THE first day of June marks the beginning of the Murray spiny freshwater crayfish season, when Victorian fishers will be able to sink hoop nets into waters on and north of the Great Dividing Range.
The season will last for three months and is expected to attract visitors to the region.
Victorian Fisheries Authority chief executive Travis Dowling said catching catching crays didn't require expensive equipment and could done simply by dangling a piece of meat on a string into a river or lake.
"Murray crays are a delicious treat sought by many and a fantastic way to get the kids off screens, active and outdoors in the crisp winter air," he said.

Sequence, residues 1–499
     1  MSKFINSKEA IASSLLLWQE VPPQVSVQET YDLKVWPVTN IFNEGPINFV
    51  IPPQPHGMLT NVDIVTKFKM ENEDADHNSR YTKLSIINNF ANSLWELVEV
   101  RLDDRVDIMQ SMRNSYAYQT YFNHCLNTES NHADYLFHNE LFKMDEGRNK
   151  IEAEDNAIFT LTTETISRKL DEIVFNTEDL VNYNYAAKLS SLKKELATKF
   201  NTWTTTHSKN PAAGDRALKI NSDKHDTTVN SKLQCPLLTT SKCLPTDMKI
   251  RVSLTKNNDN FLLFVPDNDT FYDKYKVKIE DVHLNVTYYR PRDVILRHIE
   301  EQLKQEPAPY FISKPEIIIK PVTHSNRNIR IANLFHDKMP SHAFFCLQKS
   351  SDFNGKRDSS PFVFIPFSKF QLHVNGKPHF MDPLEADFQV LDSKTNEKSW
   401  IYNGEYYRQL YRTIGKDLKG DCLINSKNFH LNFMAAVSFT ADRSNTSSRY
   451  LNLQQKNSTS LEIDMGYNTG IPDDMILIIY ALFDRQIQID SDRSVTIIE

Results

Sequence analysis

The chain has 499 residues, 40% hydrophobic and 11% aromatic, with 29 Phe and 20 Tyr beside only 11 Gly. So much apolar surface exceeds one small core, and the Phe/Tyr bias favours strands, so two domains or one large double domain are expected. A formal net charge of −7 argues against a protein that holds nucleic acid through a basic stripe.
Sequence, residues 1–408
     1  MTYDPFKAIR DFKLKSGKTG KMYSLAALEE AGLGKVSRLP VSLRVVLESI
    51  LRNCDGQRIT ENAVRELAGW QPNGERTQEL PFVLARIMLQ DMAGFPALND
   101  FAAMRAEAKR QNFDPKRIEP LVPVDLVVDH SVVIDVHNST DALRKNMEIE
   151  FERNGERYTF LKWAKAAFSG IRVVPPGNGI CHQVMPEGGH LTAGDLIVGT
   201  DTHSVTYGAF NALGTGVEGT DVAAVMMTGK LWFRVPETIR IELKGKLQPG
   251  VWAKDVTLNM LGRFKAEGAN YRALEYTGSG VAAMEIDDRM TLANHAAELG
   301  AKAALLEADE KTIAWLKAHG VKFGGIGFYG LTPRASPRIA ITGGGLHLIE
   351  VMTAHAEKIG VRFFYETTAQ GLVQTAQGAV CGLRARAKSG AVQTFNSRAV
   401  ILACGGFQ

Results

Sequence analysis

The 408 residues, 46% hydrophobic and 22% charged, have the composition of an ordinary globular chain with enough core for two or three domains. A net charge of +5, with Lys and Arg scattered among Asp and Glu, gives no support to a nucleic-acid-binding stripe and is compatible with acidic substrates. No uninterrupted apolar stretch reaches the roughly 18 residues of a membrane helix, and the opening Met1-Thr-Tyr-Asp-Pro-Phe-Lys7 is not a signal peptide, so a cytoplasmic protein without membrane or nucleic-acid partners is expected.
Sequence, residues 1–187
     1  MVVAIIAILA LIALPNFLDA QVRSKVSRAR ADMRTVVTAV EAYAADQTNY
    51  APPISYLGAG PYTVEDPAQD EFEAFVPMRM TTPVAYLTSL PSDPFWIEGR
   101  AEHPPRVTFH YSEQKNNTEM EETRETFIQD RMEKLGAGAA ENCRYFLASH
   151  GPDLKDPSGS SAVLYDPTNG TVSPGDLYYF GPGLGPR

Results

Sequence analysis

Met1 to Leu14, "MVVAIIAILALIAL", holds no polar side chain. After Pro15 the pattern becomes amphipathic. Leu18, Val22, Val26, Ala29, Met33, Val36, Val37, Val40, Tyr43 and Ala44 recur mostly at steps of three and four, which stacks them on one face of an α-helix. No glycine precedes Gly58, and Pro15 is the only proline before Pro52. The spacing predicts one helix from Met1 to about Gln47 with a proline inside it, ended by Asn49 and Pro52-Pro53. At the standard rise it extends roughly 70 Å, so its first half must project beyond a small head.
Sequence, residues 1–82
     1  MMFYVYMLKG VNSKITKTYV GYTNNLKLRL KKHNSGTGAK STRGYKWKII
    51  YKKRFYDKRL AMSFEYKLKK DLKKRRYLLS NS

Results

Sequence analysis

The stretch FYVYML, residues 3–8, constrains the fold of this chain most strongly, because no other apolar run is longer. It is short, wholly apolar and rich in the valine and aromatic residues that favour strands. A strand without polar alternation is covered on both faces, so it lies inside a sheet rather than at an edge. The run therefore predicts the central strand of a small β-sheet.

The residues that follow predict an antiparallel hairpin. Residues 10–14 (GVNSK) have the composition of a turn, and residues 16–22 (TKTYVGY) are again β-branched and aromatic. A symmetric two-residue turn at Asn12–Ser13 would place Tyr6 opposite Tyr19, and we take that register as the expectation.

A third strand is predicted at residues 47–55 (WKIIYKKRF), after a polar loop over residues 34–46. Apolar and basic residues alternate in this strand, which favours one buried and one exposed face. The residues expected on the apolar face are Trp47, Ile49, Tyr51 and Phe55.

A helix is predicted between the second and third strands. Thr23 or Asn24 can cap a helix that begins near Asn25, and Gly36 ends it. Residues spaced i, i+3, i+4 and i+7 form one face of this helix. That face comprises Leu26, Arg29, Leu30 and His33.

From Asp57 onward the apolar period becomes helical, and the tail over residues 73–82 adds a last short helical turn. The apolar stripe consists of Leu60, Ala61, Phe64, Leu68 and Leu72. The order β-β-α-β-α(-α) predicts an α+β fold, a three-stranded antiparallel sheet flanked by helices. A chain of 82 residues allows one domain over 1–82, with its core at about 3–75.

"Cray season is often a time when friends and family rug up, camp together by a waterway for a weekend, enjoy a warm fire, tell a few stories and catch a meal to share.
"One of Victoria's most popular catchments to go Murray cray fishing is the Goulburn, in the river above Lake Eildon, in the lake itself, and downstream through Seymour and Nagambie to Shepparton."
VRFish chair Rob Loats said chasing a feed of Murray crays in Victorian rivers is a great way to spend a winter's day, checking hoop nets or opening top lift nets from a tinnie, in between warming up by a campfire and spending quality time with loved ones in the great outdoors.
A guide to Murray cray size and bag limits and permitted equipment is available online.
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